On Saturdays, starting at 1:00 p.m., you got several hours of entertainment. Seating was not up to today’s standards but we didn’t know that. Throughout the Homewood were sprinkled "love seats" which were meant for a boy and his date to sit close together i.e. one seat held two people. When things filled up two guys might have to sit together in a love seat which was not cool and as soon as two regular separate seats became empty you moved. You moved ...Quickly.

At the Saturday matinee you saw a variety of presentations beginning with the "Previews of Coming Attractions" which we still experience in today’s theaters. Then cartoons, usually Donald Duck or Bugs Bunny. After that came the latest news in pictures, as there was no television and "Life", "Look", etc. only came out once a week. The latest news with lots of moving pictures was produced by "Movietone News" (1928–1963), "March of Time" (1935–1951) and "Pathe News" (1910–1956).

After the news came a multi-episode cliff hanger serial including "Buck Rogers", "Jungle Jim", "The Lone Ranger", "Red Ryder" (every boy had a Daisy Red Ryder Carbine BB gun), "Green Hornet", "The Phantom", "Terry and the Pirates" and my personal favorite "Rocket Man". The most popular talkie serial was "Flash Gordon" featuring "Buster" Crabbe who broke a world record in the 1932 Los Angeles Olympics previously held by Johnny Weismuller who went on to play Tarzan. Charles Middleton played Emperor Ming the Merciless.

Homewood Theatre 18th St.

Homewood Theatre at 18th Street South

After that was sometimes shown a "short" and I will never forget seeing shorts spotlighting Lionel Hampton and later Gene Krupa. Sometimes the short was a travelogue.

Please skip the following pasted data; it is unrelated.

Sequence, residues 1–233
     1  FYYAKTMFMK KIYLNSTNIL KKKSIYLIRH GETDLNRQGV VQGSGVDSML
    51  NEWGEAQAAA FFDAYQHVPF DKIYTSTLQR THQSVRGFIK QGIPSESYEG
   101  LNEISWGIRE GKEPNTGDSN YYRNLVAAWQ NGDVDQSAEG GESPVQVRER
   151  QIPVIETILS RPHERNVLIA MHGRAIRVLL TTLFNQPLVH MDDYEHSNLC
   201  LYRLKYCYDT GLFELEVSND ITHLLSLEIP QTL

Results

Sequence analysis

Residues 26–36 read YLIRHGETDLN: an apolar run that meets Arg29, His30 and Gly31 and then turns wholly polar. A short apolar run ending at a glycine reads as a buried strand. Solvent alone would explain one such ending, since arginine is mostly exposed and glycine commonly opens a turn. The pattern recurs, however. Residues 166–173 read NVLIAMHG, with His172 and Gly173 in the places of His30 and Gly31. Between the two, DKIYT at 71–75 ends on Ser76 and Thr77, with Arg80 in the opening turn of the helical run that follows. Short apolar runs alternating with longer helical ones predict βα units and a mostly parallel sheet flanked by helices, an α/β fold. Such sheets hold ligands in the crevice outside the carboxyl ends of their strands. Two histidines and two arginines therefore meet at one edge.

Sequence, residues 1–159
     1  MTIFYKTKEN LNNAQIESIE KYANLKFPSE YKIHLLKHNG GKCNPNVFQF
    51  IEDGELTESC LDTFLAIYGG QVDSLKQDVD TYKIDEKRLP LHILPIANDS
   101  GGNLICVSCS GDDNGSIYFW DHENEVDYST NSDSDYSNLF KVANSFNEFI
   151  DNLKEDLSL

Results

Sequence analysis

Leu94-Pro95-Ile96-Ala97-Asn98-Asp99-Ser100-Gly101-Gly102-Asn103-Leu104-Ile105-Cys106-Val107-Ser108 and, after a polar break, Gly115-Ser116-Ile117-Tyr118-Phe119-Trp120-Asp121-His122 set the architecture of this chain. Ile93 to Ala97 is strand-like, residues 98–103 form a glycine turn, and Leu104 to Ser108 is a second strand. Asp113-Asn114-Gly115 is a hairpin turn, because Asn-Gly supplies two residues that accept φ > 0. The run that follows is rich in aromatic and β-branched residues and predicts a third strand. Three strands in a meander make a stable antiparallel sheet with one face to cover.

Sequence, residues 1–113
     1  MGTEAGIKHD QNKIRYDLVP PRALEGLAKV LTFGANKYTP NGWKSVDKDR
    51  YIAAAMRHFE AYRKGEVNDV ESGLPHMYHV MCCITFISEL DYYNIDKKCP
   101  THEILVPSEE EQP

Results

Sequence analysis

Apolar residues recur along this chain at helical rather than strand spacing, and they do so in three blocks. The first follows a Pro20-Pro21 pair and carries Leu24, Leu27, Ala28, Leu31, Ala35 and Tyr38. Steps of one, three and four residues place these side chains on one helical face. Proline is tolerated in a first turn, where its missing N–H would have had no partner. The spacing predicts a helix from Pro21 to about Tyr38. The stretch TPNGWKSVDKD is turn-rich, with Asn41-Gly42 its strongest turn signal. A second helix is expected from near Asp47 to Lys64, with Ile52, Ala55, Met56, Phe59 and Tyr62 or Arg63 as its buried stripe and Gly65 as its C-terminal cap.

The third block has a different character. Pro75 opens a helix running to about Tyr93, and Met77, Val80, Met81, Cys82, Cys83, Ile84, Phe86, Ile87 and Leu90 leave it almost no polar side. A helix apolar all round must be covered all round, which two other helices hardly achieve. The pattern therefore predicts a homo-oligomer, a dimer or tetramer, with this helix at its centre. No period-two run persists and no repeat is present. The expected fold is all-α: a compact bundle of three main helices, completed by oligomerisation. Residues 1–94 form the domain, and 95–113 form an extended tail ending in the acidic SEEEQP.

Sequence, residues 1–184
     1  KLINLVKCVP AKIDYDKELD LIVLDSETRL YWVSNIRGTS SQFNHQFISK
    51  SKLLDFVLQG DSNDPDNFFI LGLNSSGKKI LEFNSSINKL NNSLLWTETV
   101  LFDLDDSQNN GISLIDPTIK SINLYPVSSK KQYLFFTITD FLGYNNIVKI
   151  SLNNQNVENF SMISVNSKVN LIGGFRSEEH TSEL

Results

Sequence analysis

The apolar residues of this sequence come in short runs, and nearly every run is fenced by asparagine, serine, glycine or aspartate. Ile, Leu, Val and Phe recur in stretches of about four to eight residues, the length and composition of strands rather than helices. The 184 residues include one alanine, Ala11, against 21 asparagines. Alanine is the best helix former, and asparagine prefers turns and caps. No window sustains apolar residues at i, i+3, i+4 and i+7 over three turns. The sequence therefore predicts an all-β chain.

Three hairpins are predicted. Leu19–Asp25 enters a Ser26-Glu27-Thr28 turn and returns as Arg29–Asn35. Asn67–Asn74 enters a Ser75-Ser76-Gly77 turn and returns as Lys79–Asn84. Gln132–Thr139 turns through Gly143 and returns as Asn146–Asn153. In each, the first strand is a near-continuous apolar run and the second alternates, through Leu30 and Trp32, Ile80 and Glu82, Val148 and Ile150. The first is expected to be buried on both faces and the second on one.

Next came a double feature which was often one or even two Westerns featuring Hop-a-Long Cassidy/William Boyd (1895–1972), Gene Autry (1907–1998) or my favorite, Roy Rogers (1911–1998). All the fans knew their horse’s names: "Topper", "Champion" and "Trigger". My favorites were always the war movies however.

Besides what was on the screen you saw several hundred other kids from the various Shades Valley area grammar schools. Occasionally an especially pretty girl was spotted who could not be identified and turned out to be from a Catholic school. Also we found out that the Catholics had a list of "forbidden movies" that they could not see and therefore those were on top of our list to attend. Of course there were always a few "smoochers" on the very back row and if the movie was dull one might turn around and watch the live show.

The Homewood originally had a "colored entrance" leading up some stairs to the colored balcony. This was discontinued later.

"Around the World in 80 Days", a huge blockbuster of a movie, had it’s Birmingham premiere at the Homewood, not the "Alabama", "Melba" or "Empire", and that is a long story.

Movies were biggest in the 1930’s, 1940’s and 1950’s. By 1930 65% of Americans attended at least one movie a week. By 1940 60,000,000 Americans attended the movies each week.